A day after House Speaker Nancy Pelosi and other top Democrats walked out of a White House meeting that had devolved into an insult-fest, Trump denounced her as “crazy Nancy.”
“She’s nuts,” he told the crowd at a packed stadium in Dallas.
The comments come as the House continues its quickly unfolding inquiry into Trump’s dealings with Ukraine, deposing witness after witness as they build their case. But Trump and his campaign have tried to turn the inquiry his way, accusing Democrats of using the Constitutional process to try to overturn the results of the 2016 election.
“They’re coming after and fighting you and we never lose,” he said, predicting the 2020 election will be “a landslide” for Republicans, despite polling showing him lagging behind.
Trump also continued his attacks on former Vice President Joe Biden, and his son, Hunter’s work for a Ukraine energy company. Trump’s efforts to pressure Ukraine to investigate the Biden family are at the heart of the Democrats’ inquiry into whether Trump compromised national security and used his office to try to bolster his 2020 chances by pushing foreign governments to investigate one of his Democratic rivals.
Trump’s day included a tour of a new Louis Vuitton leather workshop in north central Texas and a fundraiser in Fort Worth that, combined with a pre-rally reception in Dallas, brought in $5.5 million, according to the Republican National Committee.
Texas is a crucial state for Republicans, both in terms of money and votes.
Trump carried the GOP stronghold and its 38 Electoral College votes by 9 points in 2016. But Democrats have pointed to demographic changes — as well as the fact that Republican Sen. Ted Cruz won reelection by less than 3 points last year — as evidence that the second-most-populous state could soon be in play. But Trump rejected that thinking, as he urged his supporters to re-elect Cruz and John Cornyn, the state’s other Republican senator.
As he campaigns for a second term, Trump’s team has tried to focus attention on economic gains over the last three years, including the low unemployment rate. Pressing that message, Trump cut the ribbon at a new production facility for the luxury brand Louis Vuitton in Alvarado with his elder daughter, Ivanka.
Trump joked that the company, which is known for its logoed handbags and luggage, has cost him “a lot of money over the years.” His wife, first lady Melania Trump, has repeatedly been spotted traveling with the brand.
“This workshop will soon employ 500 of the most highly skilled workers anywhere in the world,” Trump said. “No one can match the precision and perfection of an American artisan.”
The Texas visit comes at a treacherous time for Trump, whose dealings with the president of Ukraine are under fire. While Republicans have largely rallied around him, they sounded alarms over his decision to pull U.S. troops out of northeast Syria — a move that paved the way for Turkey to invade and assault the Kurds, who’d fought alongside the U.S. in its campaign against Islamic State militants.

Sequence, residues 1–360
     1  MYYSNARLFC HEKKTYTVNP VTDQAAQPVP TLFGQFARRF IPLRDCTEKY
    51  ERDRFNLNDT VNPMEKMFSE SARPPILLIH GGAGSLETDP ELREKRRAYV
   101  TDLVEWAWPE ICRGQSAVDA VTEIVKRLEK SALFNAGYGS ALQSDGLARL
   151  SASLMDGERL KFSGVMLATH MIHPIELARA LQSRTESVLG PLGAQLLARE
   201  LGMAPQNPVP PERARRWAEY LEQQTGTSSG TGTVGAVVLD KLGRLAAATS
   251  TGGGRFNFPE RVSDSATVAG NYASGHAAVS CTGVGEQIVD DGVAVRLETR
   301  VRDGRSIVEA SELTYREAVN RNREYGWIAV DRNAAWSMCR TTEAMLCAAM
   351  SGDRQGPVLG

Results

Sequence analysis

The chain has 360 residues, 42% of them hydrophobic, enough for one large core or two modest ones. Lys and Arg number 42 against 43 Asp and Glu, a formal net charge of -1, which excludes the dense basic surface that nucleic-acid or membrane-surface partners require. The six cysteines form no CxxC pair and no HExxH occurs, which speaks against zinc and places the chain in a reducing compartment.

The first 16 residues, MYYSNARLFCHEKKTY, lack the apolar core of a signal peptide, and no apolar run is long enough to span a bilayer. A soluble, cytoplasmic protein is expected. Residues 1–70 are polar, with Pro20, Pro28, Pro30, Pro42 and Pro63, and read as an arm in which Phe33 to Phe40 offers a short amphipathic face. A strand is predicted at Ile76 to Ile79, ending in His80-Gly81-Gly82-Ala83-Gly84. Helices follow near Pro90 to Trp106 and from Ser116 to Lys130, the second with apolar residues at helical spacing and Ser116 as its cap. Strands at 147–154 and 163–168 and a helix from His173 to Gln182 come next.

At his rally, Trump credited his “unconventional” approach for the announcement of a cease-fire Thursday. And he repeatedly painted the Turkish assault on the Kurds as something that had its benefits.
“Sometimes you have to let them fight, like two kids in a lot,” he said. “You got to let them fight and then you pull them apart.”
Trump’s campaign and the RNC have been raking in record money, raising $125 million in the third quarter of 2019 and smashing the just over $70 million former President Barack Obama and the Democratic National Committee raised in the third quarter of 2011.
Meanwhile, Trump’s would-be challengers are deep in an increasingly contentious race for the Democratic nomination.
One of those candidates, former Texas Rep. Beto O’Rourke, was holding a counter-rally protesting Trump’s appearance in nearby Grand Prairie Thursday evening. He did the same when Trump held a rally in El Paso in February and drew a substantial crowd, but his standing in the race has since fallen.
Still, Trump make sure to call him out, pointing to his plan to confiscate assault-style rifles and his support for rescinding the tax-exempt status for churches and charities that are anti-LGBTQ.
“No religion and no guns. I think that’s not good,” Trump said.
This story has been updated with additional comments from the county judge.
Denton County’s top official joined leaders across Texas in calling for Republican Dennis Bonnen to resign as Texas House speaker after an activist released audio from a secretly recorded meeting in June in which the speaker said he tried to make it difficult for counties and cities in the 2019 legislative session.
On Thursday, Denton County Judge Andy Eads’ office released a prepared statement chastising Bonnen for his comments and called for Bonnen to resign.
“Mr. Bonnen should immediately step down from his position to allow the opportunity for someone who will respect local officials and value positive working relationships,” Eads is quoted as saying in the statement.
In the recording, released this week after months of political turmoil about a secret meeting between Bonnen, state Rep. Dustin Burrows, R-Lubbock, and Empower Texans activist Michael Quinn Sullivan, Bonnen can be heard saying, “Any mayor, county judge that was dumbass enough to come meet with me, I told them with great clarity, my goal is for this to be the worst session in the history of the Legislature for cities and counties.”
City and county leaders across the state have said they are shocked at Bonnen’s comment, The Dallas Morning News has reported. Eads, a Republican who took the county judge office in January, is the first local official from Denton County to publicly chastise Bonnen.
“Counties in Texas provide tremendous value to fuel the engines of growth across the state of Texas,” Eads is quoted as saying. “This lack of respect cannot be tolerated. These types of comments are not healthy for continuing the state’s growth as an economic leader in the U.S.”
State Rep. Michelle Beckley, D-Carrollton, was the first statehouse official representing Denton County to make such a call on Wednesday. After tiptoeing around the subject during a luncheon for Denton County’s legislative delegation on Wednesday, state Rep. Tan Parker, R-Flower Mound, said later in the day Bonnen needed to resign.
To this point, Eads has not been overtly critical of the Texas Legislature or of Bonnen. Eads’ top aide, Shannon Joski, emailed a second statement from Eads in which he is quoted as saying the county was not hurt in the last session.
“While many of our local bills successfully passed, which we are appreciative of, there needs to be a new mindset in the Speakers’ office as it relates to the working relations with the local officials in the state of Texas,” Eads is quoted as saying.